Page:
November 24, 2006

Men in Bigfoot Research; John D. Pickering

*All scenery photos and game cam shots, provided by John D. Pickering*

Most researchers know who the subject of this article is, but for those who do not know.

John D. Pickering is a Bigfoot Researcher in the Pacific Northwest. He searches for evidence of this animal in what I think is the best place to look for this animal.

John is a down to earth, and friendly guy - but he does take this research seriously, I respect him for his ability to stay objective. I have been wanting, for a very long time, to get an interview with John, as he is someone I pay attention to when he posts on various forums. John is very down to earth, and always willing to discuss the issues of this research.

Mr. Pickering gives this blog a unique perspective on the Skookum Cast - as he has seen it "in the flesh". That is not something many can say. He has actually sat and studied the cast. This is an issue we discuss during this interview, and I am so glad he was willing to discuss his opinion of the cast.

I would like to thank John D. Pickering for allowing this interview, and I hope to speak with him again in the future. I hope everyone enjoys John's approach to this issue, as much as I do.

Men in Bigfoot Research: John D. Pickering

Question: Please tell the readers about yourself.

John D. Pickering: I was born and raised in Grays Harbor out on the coast of Washington State. Lived here for 41 years and have never wanted to live anywhere else. I'm employed at a local paper mill and have been for over twenty years.

My first wilderness experience was at eight weeks of age, my parents took me fishing, and being in the outdoors has been my main interest every since. Can't say that I remember that first trip but I'm told it started to rain and they put me in a cardboard box to get me out of the weather.

Hiking, hunting, fishing and general exploring the outdoors has always occupied the best of my off work time. Luckily I live in a location that allows me to step out my backdoor and be pretty much out in the woods.

Question: Are you a member of any Organized Group(s) or are you an Independent Researcher? Or both?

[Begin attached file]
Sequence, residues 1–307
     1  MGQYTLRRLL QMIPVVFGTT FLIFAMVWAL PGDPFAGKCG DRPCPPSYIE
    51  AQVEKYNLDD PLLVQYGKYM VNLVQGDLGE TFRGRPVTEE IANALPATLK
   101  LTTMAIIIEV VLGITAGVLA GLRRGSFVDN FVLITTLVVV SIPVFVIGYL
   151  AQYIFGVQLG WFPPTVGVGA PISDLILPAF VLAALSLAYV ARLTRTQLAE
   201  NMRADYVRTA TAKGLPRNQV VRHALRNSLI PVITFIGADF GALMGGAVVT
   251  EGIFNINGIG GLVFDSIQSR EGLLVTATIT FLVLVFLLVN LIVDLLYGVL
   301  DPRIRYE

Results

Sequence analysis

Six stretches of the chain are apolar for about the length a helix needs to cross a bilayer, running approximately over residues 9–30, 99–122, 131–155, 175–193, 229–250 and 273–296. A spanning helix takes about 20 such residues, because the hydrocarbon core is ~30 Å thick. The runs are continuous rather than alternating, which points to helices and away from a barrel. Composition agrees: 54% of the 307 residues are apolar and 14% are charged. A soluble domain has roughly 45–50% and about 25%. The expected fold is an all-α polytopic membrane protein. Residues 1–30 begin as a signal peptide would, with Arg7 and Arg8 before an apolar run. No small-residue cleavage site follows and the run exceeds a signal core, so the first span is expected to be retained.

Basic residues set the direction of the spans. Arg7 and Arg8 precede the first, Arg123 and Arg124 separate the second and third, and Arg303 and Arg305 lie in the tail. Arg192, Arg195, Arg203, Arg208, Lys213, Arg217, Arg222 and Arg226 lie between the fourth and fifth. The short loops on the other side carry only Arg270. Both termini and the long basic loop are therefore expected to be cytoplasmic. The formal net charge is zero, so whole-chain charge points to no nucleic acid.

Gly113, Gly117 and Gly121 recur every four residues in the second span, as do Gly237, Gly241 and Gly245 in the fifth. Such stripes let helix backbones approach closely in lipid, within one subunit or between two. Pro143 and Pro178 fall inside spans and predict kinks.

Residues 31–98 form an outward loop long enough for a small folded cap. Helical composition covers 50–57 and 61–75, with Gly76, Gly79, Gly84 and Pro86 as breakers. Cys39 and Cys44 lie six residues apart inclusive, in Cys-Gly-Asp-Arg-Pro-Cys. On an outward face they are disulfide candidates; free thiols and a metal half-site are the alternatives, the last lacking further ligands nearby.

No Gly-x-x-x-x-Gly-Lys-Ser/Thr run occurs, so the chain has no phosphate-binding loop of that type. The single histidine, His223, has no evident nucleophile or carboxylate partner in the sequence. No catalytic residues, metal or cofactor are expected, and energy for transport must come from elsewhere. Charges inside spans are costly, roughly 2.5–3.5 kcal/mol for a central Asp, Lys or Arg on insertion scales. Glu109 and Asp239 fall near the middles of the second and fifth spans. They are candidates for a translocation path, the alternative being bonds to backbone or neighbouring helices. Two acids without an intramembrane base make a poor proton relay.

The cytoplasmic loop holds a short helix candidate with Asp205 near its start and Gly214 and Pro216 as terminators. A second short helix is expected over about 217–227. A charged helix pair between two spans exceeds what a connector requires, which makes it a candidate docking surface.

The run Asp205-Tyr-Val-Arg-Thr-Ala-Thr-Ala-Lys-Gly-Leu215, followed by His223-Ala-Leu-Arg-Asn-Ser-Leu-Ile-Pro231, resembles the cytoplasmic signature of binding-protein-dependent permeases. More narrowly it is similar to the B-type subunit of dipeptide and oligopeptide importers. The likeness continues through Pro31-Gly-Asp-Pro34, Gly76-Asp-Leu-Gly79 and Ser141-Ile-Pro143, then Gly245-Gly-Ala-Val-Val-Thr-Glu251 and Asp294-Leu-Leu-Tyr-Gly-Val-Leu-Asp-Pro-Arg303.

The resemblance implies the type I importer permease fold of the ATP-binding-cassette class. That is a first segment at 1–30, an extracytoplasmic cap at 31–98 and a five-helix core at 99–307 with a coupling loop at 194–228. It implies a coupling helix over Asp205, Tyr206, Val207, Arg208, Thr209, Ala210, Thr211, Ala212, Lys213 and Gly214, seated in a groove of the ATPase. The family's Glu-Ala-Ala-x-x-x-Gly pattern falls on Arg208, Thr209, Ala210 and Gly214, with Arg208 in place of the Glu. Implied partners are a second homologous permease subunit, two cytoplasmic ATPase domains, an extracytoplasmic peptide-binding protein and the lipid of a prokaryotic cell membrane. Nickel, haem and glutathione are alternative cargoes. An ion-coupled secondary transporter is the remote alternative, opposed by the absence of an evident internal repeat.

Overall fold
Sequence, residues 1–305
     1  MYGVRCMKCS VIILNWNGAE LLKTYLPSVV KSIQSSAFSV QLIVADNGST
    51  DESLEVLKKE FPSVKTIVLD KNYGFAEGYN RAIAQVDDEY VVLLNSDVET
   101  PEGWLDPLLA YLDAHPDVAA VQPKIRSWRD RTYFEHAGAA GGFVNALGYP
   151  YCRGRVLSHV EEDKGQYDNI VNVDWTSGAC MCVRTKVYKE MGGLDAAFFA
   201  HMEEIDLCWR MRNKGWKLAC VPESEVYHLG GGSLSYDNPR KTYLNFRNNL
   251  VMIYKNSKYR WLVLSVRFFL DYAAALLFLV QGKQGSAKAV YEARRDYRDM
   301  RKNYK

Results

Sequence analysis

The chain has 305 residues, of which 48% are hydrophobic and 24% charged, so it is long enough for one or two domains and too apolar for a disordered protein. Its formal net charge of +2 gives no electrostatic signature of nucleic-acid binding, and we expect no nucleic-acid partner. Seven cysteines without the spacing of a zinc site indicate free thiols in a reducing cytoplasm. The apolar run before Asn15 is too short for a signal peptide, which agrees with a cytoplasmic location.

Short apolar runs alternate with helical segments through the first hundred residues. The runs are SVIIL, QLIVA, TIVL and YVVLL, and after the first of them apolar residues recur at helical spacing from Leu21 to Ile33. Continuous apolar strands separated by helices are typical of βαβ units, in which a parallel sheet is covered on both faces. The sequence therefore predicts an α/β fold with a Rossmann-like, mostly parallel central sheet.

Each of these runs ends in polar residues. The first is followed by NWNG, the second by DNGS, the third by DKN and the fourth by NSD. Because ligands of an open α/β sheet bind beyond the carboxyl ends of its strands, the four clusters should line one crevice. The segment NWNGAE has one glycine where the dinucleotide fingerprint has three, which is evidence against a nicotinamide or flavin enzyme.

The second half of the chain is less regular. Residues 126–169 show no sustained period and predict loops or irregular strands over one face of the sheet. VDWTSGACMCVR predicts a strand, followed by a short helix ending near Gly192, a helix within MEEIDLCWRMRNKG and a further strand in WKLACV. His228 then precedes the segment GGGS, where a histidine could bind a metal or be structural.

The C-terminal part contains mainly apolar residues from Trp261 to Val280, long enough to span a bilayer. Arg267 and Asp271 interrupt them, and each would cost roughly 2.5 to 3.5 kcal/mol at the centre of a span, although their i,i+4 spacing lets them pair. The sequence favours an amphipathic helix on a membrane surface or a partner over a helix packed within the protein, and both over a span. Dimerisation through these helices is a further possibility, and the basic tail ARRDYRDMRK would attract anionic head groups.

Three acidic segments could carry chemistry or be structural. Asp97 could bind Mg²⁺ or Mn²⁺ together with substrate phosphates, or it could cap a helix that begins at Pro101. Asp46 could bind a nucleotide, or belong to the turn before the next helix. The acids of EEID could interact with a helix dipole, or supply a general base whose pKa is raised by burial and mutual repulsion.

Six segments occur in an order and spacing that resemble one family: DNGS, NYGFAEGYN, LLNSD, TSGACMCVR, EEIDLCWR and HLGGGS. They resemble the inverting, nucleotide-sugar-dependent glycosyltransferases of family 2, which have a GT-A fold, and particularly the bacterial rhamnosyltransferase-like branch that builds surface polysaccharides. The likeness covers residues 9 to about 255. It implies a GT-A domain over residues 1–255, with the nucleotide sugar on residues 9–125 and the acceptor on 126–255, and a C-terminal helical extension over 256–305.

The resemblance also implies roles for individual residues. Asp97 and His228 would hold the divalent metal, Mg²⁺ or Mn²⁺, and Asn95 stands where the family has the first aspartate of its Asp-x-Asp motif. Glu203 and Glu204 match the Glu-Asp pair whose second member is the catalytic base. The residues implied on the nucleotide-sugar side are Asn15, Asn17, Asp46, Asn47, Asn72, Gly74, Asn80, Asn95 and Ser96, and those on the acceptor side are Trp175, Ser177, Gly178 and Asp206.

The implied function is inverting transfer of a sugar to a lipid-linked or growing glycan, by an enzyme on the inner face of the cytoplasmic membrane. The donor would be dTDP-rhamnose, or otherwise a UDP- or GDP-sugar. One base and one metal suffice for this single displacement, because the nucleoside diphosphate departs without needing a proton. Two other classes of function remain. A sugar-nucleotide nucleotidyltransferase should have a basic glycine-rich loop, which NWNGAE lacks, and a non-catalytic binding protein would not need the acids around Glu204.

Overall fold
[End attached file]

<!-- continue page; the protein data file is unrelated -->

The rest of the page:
John D. Pickering: Right now I'm pretty much an independent researcher though I'm part of the North American Ape Project. Past membership in the WSSSG and BFRO stopped when I left those groups.

Question: How long have you been active in the field of Bigfoot Research?

John D. Pickering: I've been active in Bigfoot research for about nine years. Before that there was a strong interest in the subject.

Question: Have you noticed any changes in this field of research over the years?

John D. Pickering: One of the things I noticed pretty quickly about Bigfoot research is how competitive some people and groups are. How everyone appears to be trying to outdo the other person or group. It really has been frustrating at times. If anything it has gotten worse in the past years. Though I do see some hope with the new groups.

Follow up Question: Why do you think that is?

John D. Pickering: I think it really comes down to human nature. We're dealing with a subject that hasn't been proven to even exist. The big prize, for many people, is to find the evidence that proves Sasquatch is real. They feel that with that discovery will come fortune and fame. It is kind of a race to see who comes up with the prize. In that race you don't want the other guy knowing what you think is information that will get you to the prize before them. I feel it has gotten worse because of the internet's ease of communication. More people are getting involved.

Question: What has been your primary focus, in this field of study? Please explain.

John D. Pickering: My first love has always been the outdoors so doing fieldwork was a natural for me. Searching for sign of a Bigfoot was just another reason to go into the woods. I started working with remote cameras after I met Dr. Meldrum and joined the NAAP. I ran remote cameras full time for several years for the project. I still use remote cameras now and then in areas that capture my focused attention. My main focus for the past couple of years is to try and determine what local areas have the greatest chance of having a Sasquatch or a group of Sasquatch living in them or using them. Looking for things that may set the areas they appear to use apart from the areas they don't.